In this very interesting book, Douthat traces Christianity in America from its post-war golden years through its gradual decline over the following decades to the present day. He starts by highlighting four key figures that embodied this golden age: the intellectual Reinhold Niebuhr, the evangelical Billy Graham, the Catholic Bishop Fulton Sheen, and the African-America prophet, Martin Luther-King. In the years following the Second World War, Christianity in America thrived, its churches grew, its institutions prospered, and there was considerable confidence in the gospel.
This all changed in the ensuing years, through the sexual revolution of the sixties and seventies on into the eighties and nineties. There was an institutional collapse of Christianity, churches declined and organized Christianity was considerably weakened. Douthat lists 5 catalysts for this decline:
- Political polarization
- The sexual revolution
- Religion consequences of America’s ever-growing wealth
- Class – the dismissal of Christian orthodoxy as unworthy of an educated elite.
Douthat then reflects on Christianity’s response to this decline, either accommodation or resistance. He writes of Harvey Cox and Bishop James Pike and of the downgrading or orthodox belief, the creeds and Christian traditions in order to make the church more relevant to contemporary culture. He traces the gradual disappearance of denominational distinctives and the ultimate loss of a sense of truth.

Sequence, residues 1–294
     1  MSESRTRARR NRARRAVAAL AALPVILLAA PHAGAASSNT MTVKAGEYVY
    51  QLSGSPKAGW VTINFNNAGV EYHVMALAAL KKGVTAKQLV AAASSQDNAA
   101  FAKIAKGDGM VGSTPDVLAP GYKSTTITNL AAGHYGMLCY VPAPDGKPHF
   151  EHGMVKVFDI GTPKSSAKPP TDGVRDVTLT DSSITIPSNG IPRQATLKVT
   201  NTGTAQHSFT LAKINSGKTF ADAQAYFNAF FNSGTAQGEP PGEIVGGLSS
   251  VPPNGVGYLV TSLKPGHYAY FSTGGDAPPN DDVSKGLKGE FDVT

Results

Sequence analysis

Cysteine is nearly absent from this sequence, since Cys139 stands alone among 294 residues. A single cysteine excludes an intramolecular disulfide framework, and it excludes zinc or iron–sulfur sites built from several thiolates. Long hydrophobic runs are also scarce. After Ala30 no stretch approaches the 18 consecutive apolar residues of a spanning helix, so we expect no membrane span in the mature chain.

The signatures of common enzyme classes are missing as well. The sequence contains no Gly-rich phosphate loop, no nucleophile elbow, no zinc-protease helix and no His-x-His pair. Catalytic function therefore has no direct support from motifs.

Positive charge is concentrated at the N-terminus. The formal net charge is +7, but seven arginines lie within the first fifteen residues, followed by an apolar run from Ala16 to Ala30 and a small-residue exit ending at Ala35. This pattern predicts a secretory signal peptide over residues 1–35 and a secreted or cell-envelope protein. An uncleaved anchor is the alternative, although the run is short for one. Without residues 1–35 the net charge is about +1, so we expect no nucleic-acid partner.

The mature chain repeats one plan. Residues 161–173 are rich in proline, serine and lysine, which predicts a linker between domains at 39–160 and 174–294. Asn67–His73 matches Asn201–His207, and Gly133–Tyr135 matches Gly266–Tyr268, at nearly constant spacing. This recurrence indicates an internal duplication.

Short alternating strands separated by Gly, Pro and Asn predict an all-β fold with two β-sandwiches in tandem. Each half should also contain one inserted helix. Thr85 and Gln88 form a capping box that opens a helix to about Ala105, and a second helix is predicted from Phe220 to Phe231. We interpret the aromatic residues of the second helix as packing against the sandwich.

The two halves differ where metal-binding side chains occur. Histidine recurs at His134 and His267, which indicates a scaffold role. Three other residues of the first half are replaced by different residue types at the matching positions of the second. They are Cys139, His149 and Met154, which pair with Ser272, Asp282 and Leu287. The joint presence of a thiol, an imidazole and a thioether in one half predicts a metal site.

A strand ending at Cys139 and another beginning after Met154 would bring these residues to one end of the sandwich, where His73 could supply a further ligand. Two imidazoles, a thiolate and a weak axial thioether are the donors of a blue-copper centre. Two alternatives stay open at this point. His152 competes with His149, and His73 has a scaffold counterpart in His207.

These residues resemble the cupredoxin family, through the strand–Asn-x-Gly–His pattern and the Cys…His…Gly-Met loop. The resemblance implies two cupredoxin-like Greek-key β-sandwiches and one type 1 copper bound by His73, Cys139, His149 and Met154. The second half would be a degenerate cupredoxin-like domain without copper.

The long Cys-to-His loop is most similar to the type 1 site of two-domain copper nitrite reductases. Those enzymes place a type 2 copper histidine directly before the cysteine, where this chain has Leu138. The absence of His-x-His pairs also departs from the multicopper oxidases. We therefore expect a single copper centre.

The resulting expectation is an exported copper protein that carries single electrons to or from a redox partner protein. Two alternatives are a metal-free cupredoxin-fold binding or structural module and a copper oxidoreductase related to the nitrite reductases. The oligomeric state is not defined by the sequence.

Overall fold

On the resistance front, he considers the rise of the Evangelicals, the coalition of Protestants and Catholics in their opposition to key areas such as abortion, and the influence of figures such as Francis Schaeffer. But, argues Douthat, these never gained the institutional strength and strategic influence and confidence that had been enjoyed in those early post-war years.
The main premise of Douthat’s work, however, is that traditional and orthodox Christianity has been replaced by bad religion and by heresy. He takes aim in particular at the prosperity gospel teaching of the likes of Joel Osteen and Hagin/Copeland and the therapeutic God-within gospel of the likes of Elizabeth Gilbert, Chopra, Tolle and Oprah Winfrey.
This was where Douthat was at his strongest and really got into his stride. He named and identified the rot at the heart of contemporary American (Western) Christianity. The pick-your-own-Jesus approach of many contemporary Christians, the downgrading of orthodoxy and orthopraxy, and the moralistic therapeutic deism of Smith and Denton.
And I agree with his main thesis. I think he argues coherently and convincingly for a return to orthodoxy and orthopraxy, and he calls out the rotten core of much of what passes off as Christianity these days, but which is in fact an amoebic blob of spiritual, do-it-yourself, syncretistic goo.